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The Centennial
Oconto County

Published in 1876
Oconto County Reporter

September 16, 1876


The next mill built in the county (and perhaps the first) was built at Menominee.-- (This name is here used to designate the mouth of the Menominee River and vicinity. It was so known until names were given the towns and indeed is yet frequently designated in the same way.)

In May 1832, William FARNSWORTH and Charles R. BUSH executed a bond of which the following is a summary. It first recites, "That by a letter from the War Department dated April 22d 1831, it appears that permission has been granted by the Menominee Indians to William FARNSWORTH and Charles R. BUSH to erect a grist and saw mill on the Menominee River, and to occupy a tract of land in the vicinity thereof, for farming and timbering said mills; that this permission has been approved by the Secretary of War, who requires FARNSWORTH & BUSH to give a bond and security for observance of the terms and conditions upon which said permission has been granted by the Indians.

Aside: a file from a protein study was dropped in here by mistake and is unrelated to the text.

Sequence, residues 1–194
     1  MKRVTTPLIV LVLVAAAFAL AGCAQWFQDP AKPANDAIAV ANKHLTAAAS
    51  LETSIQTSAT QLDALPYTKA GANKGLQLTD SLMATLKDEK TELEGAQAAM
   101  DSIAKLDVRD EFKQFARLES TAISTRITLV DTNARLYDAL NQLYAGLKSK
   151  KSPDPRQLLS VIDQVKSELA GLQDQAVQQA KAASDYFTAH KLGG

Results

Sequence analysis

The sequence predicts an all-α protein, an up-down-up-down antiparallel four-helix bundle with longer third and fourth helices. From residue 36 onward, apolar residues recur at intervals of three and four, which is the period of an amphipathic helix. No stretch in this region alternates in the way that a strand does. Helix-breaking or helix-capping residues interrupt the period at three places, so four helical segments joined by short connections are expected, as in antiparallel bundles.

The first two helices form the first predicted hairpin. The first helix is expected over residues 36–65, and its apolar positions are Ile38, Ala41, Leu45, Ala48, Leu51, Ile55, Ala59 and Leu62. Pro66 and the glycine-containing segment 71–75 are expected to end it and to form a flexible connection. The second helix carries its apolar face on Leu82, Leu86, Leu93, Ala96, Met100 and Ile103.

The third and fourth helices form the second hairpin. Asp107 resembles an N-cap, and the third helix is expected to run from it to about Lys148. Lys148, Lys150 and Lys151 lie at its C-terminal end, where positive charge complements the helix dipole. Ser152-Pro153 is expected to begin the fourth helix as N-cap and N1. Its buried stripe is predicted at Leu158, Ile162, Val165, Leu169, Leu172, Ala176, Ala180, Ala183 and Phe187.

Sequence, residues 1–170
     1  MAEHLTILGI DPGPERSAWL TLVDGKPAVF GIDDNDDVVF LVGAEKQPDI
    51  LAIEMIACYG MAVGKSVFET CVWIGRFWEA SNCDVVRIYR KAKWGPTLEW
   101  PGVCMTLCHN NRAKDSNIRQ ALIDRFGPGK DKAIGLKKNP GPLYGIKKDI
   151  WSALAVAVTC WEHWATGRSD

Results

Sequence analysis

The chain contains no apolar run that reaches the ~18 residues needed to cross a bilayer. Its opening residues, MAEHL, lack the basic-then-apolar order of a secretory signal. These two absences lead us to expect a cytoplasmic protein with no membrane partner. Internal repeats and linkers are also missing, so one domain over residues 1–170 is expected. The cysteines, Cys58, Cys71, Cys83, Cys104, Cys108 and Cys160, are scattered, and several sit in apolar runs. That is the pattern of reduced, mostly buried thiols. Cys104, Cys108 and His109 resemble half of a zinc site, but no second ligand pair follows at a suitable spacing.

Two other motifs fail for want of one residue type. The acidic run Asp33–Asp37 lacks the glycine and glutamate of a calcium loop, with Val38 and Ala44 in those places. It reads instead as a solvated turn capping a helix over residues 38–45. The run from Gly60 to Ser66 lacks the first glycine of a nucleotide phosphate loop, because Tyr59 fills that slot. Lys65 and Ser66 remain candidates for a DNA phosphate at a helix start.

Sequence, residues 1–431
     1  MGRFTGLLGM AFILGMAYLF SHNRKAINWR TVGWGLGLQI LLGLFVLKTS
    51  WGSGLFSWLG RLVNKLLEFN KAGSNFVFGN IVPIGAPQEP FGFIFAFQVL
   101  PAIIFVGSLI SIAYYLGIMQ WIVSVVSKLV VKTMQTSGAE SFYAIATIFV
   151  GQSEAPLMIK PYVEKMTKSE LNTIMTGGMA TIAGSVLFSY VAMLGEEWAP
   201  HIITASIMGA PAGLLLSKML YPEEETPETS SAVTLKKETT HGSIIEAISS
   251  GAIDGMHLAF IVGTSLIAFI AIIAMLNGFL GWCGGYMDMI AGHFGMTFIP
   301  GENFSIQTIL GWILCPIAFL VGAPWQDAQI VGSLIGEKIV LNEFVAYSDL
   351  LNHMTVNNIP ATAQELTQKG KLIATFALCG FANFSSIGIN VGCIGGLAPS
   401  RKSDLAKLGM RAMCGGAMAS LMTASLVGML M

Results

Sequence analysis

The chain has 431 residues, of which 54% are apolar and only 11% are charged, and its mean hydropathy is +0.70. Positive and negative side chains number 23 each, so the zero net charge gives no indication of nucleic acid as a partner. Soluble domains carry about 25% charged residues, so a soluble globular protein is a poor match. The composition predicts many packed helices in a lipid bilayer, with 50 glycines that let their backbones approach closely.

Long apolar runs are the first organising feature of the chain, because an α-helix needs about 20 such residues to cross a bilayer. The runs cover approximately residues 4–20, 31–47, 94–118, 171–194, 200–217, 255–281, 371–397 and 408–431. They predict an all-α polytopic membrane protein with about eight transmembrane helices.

FARNSWORTH & BUSH acknowledge that the lands occupied by them in pursuance of said permission as well as the mills thereon erected are to be held by them at the pleasure of the U.S. Government.

In consideration of the grant and privilege FARNSWORTH & BUSH, with Nathaniel PERRY of Green Bay promised to faithfully comply with all conditions and stipulations contained in the grant of the Menominee Chiefs, viz: That as soon as the mill is erected they will saw all the lumber required by the Menominee tribe and Government of the U.S. whenever required by an authorized officer, at reasonable expense And when the grist mill is erected will grind grain required; and they will pay annually in September for eight years, "the following articles to wit: Twenty five pounds of powder, eighty pounds of lead, one hundred flints, fifty pounds of tobacco, one hundred pipes and ten bushels of corn."